April 10, 2015

Today is the 100th day of my blog, so I wanted to make a special gift today, or at least give something to someone special in relation to this blog project. The gift itself was small, simple and not terribly valuable in monetary terms – a book mark, one that I made from a beautiful card that my sister Roshan gave me. I couldn’t stand wasting the paper so I decided to preserve it in a form that would be useful and I could enjoy each time I dipped into my book. The recipient, however, was someone whose impact on my life was far from small. When we lived in Trois Rivieres, Quebec, I learned a lot of French, but it was my two outstanding English teachers who left the biggest mark on my life as a teenager. One was Keith (of course I called him Mr. Doyle back then), a tall, handsome, energetic man from Prince Edward Island who was as passionate about English grammar and punctuation as he was about sports and about life in general. Though my father is an expert in the English language, it was in Keith’s classes where I first met the dangling modifier, the split infinitive and the gerund.


Of all my teachers, it was probably Keith who first seemed to see something special in me at a time when I felt very uncool, very unattractive and unspecial. I was a disaster on the basketball team, the boy I liked had no interest in me, and my best friend May and I were not really interested in the things that the cool kids were. Thanks in great part to Keith’s enthusiasm as a teacher and his encouragement over the few years that we attended Three Rivers High School, I began to believe in my academic ability, and eventually in myself more generally. (My other English teacher, Jim, who I will surely write about another day, also played a huge role in this growth in self-confidence.) By my last year at the school, I was editor of the school year book and president of the student council, and it stopped mattering that I couldn’t play sports or didn’t hang out with the cool kids. One of my fondest memories of my time at the school was just before we left, when May and I, as a way of thanking Keith and Jim for being such wonderful teachers, arranged a picnic lunch with them on the school lawn – something that no doubt looked very strange to the other kids. I will always be glad we thanked them then, and today I am thanking him again – with something small but symbolic – for helping me to believe that I can write something that others might actually want to read.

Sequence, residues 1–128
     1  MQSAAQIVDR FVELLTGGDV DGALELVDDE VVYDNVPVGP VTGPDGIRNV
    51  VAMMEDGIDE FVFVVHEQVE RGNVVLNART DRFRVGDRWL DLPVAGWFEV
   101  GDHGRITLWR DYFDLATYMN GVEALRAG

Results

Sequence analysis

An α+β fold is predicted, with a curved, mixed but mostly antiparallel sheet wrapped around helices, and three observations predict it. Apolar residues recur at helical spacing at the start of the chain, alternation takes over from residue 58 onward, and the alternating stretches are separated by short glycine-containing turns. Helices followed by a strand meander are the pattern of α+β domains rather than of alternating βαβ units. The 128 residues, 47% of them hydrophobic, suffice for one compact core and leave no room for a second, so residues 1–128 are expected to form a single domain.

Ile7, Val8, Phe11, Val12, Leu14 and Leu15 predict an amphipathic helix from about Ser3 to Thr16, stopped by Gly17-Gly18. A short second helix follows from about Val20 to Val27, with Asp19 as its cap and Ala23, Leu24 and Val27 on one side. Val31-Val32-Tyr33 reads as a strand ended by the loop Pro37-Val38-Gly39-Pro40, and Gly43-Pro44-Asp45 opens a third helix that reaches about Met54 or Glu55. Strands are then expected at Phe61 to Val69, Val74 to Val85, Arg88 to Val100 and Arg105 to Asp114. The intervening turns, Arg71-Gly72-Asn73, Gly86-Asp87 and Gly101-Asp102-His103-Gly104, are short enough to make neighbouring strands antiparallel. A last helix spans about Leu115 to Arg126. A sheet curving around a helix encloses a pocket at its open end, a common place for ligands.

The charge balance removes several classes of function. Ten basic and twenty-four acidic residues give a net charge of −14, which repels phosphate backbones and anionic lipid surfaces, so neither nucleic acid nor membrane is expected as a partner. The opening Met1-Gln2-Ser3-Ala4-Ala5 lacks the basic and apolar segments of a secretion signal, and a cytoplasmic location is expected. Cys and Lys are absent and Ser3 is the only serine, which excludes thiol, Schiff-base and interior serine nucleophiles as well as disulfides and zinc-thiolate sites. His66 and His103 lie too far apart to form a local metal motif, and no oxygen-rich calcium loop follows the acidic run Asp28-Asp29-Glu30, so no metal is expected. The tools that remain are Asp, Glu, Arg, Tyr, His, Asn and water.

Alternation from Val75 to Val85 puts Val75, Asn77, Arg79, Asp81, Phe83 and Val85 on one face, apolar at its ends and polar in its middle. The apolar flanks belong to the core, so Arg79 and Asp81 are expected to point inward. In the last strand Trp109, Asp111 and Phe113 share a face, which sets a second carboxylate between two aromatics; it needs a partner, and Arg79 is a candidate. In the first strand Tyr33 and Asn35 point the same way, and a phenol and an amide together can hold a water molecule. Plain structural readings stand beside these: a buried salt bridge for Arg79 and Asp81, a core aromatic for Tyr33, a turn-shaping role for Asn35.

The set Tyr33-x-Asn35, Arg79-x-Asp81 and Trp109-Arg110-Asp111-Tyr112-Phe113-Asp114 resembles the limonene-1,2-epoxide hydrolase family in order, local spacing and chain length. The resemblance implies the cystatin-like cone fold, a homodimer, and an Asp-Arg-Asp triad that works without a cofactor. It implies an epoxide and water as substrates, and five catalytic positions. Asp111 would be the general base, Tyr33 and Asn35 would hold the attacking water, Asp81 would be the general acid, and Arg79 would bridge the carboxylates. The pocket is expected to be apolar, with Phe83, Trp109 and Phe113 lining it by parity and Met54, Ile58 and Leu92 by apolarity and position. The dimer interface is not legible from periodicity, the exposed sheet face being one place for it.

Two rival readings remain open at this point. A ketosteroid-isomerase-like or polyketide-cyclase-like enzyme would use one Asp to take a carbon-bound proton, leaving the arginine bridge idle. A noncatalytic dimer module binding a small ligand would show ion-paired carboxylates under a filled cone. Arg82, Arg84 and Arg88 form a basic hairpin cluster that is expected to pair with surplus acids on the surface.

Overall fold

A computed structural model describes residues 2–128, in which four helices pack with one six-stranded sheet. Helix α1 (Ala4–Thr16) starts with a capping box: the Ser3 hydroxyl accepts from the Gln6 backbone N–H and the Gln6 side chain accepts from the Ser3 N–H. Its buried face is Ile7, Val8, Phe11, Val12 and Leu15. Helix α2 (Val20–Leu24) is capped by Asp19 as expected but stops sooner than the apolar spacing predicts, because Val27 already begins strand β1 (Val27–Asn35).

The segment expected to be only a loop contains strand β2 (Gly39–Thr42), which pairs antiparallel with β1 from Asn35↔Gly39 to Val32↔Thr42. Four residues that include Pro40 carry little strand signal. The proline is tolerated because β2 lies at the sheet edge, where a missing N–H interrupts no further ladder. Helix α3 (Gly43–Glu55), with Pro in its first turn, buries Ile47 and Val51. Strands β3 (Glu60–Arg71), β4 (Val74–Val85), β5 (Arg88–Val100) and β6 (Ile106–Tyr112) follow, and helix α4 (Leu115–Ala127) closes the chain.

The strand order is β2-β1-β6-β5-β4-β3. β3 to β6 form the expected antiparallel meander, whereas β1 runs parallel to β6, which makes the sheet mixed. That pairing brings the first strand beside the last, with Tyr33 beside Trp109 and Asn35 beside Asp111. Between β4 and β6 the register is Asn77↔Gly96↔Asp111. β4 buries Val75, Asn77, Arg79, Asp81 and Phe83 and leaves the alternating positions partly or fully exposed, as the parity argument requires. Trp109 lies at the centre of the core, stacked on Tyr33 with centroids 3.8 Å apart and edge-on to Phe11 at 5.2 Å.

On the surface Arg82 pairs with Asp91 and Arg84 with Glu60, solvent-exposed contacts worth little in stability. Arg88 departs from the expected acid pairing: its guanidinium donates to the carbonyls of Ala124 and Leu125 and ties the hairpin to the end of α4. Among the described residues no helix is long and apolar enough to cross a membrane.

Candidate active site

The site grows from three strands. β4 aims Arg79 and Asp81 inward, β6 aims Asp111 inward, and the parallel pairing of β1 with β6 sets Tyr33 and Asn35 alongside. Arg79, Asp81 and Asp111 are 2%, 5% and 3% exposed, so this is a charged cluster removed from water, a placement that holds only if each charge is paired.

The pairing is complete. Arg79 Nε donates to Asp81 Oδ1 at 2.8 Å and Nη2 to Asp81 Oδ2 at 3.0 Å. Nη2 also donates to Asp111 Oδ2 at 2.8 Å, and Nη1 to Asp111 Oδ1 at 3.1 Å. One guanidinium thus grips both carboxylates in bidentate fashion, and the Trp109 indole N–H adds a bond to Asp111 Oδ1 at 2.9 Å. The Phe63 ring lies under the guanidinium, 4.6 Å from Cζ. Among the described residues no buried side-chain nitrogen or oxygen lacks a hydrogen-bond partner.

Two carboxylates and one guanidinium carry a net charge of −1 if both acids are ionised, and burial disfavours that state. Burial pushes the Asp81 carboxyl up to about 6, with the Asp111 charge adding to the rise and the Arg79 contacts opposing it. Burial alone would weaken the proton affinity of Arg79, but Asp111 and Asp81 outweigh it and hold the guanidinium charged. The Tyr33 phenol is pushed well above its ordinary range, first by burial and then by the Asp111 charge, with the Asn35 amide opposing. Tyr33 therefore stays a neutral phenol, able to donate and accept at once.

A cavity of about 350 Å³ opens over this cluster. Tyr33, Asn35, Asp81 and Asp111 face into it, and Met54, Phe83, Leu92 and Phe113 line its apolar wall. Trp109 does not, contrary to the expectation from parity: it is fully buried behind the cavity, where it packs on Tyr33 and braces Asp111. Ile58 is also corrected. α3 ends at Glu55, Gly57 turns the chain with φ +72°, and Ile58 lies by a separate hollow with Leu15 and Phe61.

Incredibly, although well over 30 years have passed since I sat in Keith’s classroom and there have been gaps in our communication, we still remain friends and we email each other every now and again, checking in on each other’s lives and sending each other warm wishes. Normally, I don’t re-read personal emails before I send them, but when I write to him, I make sure to check my grammar and punctuation before I press, “send.” I would hate for him to think I hadn’t been paying attention in class all those years ago…


4 thoughts on “April 10, 2015

  1. What can I say, Meher except thank you for the honor of being a recipient of one of your giveaways and for the wonderful compliments you gave me in this blog. It was (and I imagine still is) people like you that made teaching enjoyable and worthwhile for all your teachers, especially those who taught you English. I do remember that picnic, although i had forgotten it until you mentioned it. I do remember your great friendship with May. And I do remember the pleasure I had when reading anything you wrote. Strangely enough, after all these years, I am once again reaping that pleasure from your daily blog. If I played any small role in the writing talent you have and in the person you have become, then I am a proud retired teacher. Thanks again, Meher.

    Liked by 1 person

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